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Upon these promises, and they shall, if I may so speak, communicate the sacred treasure which they contain, and, we shall live in the enjo3Tment of it.

To live to God must also imply, that we live in a state of preparation for, and in full expectation of that glory and blessedness, which the Lord hath prepared for us. "Givl6 ail diligence," saith the Apostle, "that ye may be found of him in peace, without spot and blameless: Daily walkin* before the Lord, in the paths, of uprightness, continually looking unto Jesus, the Author, till he be the perfecter of aur faith: " Beholding as io a glass, the glory of the Lord, v& are changed into the sarae image, from glory to glory, even as by the Spirit of the Lord." And being fully sanctified, and having finished the work which the Lord had given us to do, he will speak us up to himself, saying, *' Co.oi« up hither, and take thy seat with me;" and we shall be for ever with the Lord.

He who would be saved by Jesus Christ, must first; experience this death to the Law, wholly renounce all dependence upon his own righteousness, being convinced by the Spirit of God, that it is utterly insufficient to plead before the Lord, as the ground of his acceptance, and he must be justified by faith in the Redeemer: Tba: being justified freely from all things, be is bound by every possible tie of gratitude and love to glorify God, by living wholly to him, and for him, all the days of his life.

On this consideration, how may we admire the wisdom and goodness of God. His wisdom in contriving a way, in which his iniiniie mercy and love might he extended to his lost and ruined creatures, and his justice, his unspotted purity and holiness, stall remain inviolate. He remaineth just and holy, apd yet, freely and fully justtfieth the ungodly. His goodness and mercy are also displayed, in pardoning our innumerable offences, freely and graciously, when he might Lave bam'-bfid us from his presence for ever, and justly left us, to suffer the vengeance of eternal fire,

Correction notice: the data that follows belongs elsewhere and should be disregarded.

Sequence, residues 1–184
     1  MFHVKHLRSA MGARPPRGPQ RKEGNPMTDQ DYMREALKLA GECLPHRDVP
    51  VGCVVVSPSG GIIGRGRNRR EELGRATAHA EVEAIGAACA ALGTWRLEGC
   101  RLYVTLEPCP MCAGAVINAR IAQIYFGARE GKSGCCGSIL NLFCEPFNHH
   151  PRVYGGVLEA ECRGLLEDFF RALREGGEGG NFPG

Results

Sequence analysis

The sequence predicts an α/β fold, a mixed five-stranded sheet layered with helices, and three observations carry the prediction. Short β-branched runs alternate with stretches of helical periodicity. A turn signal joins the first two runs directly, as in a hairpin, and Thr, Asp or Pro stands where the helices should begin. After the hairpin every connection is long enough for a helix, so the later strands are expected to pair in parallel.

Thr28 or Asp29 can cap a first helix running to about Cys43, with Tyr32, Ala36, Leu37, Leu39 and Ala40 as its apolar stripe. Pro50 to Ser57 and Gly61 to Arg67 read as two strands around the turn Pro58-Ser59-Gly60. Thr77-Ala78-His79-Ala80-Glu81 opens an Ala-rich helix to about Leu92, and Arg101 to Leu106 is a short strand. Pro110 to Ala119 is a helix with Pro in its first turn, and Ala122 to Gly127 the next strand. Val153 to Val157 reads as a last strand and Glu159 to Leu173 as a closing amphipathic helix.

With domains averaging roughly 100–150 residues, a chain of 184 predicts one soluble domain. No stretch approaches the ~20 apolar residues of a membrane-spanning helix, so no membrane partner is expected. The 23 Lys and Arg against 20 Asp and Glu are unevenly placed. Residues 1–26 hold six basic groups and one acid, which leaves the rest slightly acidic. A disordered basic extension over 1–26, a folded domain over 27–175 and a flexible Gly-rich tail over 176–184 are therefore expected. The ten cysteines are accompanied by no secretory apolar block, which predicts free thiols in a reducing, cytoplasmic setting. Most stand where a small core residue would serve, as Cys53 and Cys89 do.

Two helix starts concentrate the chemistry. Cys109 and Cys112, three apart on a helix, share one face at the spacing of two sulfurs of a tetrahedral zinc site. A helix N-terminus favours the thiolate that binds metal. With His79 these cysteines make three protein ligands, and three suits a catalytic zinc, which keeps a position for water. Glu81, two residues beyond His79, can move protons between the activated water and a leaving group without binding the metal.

Dot is it possible for any one to have scriptural views of this boundless merry aind infinite love of God, and to experience the inestimable benefits flowing therefrom in his own mind, and yet continue in sin and rebellion against God? Hath he not taken the most effectual way to conquer the perverseness of our will, and the enmity of the carnal mind, and to fill oar whole soul with sacred wonder, v,ith sincere lone, and with grateful praise, through the endless ages of eternity } If the Loi d j«stifieth as, when ungodly, it is not that we may remain so. . He does not design we should continue in sin, that grace might abound towards' us; but just the contrary: So the Apostle expressly declares, when he had clearly set forth the love of God, in sendin Christ into the world, to do for us, what we could not do for ourselves, by our obedience to the Law. His design was, “that the righteousness of the Law might be fulfilled in us, who walk, not after the flesh, but after the Spirit.” Is not the meaning of the Apostle evidently this The design of God, in bringing us into his favour is, that the righteousmess which his Law required, and which we in our fallen state could not possibly perform, should, in the exercise of his grace which he hath communicated to us, be constantly performed by us. At such an infinite distance is the doctrine of justification by faith, from having the most remote tendency to encourage licentiousness! . As it raises man up from the ruins of the fall, and gives him a capacity to live to the glory of God : so likewise it lays him under the most powerful obligations to do it. The sight of God shining into his mind, gives him the clearest views of the hateful and detestable nature of sin, and its dreadful consequences, and he must hate and despise this accursed thing. The consideration of the love of God extended to him, in the pardon of his sin, will fill his whole soul with gratitude, and must constrain him to love God, in return. And divine grace communicated, strikes at the very root of the tree of original corraption, and directly tends to purify the heart from every sinful propensity, and will turn the mind wholly to God, and to everything that is spiritual and heavenly; it will follow, of course, that the words of the text shall be fulfilled; “We shall live unto God;” or as it is more fully expressed in another place; “None of us liveth to himself, neither dothany of us die to himself; but whether we live, we liveunto the Lord, or whether we die, we die unto the Lord; so that, whetlier we o or die, we are the Lord’s.” Here then, we may admire the riches of his grace, in making the way to eternal life not only plain and clear before our face, but also in bringing us into such a state of mind, that it may be the very deligbt of our soul to walk therein; and thus it will: be, while we live in the exercise of that measure of divine, grace, which the Lord hath given us; and more especially? sa, if with the Apostle, we are labouring to apprehend that, for which we are apprehended of God, in Christ Jesus. . . . . . it is true, we are called to deny ourselves, and to take up' out cross, as well as to deny all ungodliness and worldly-de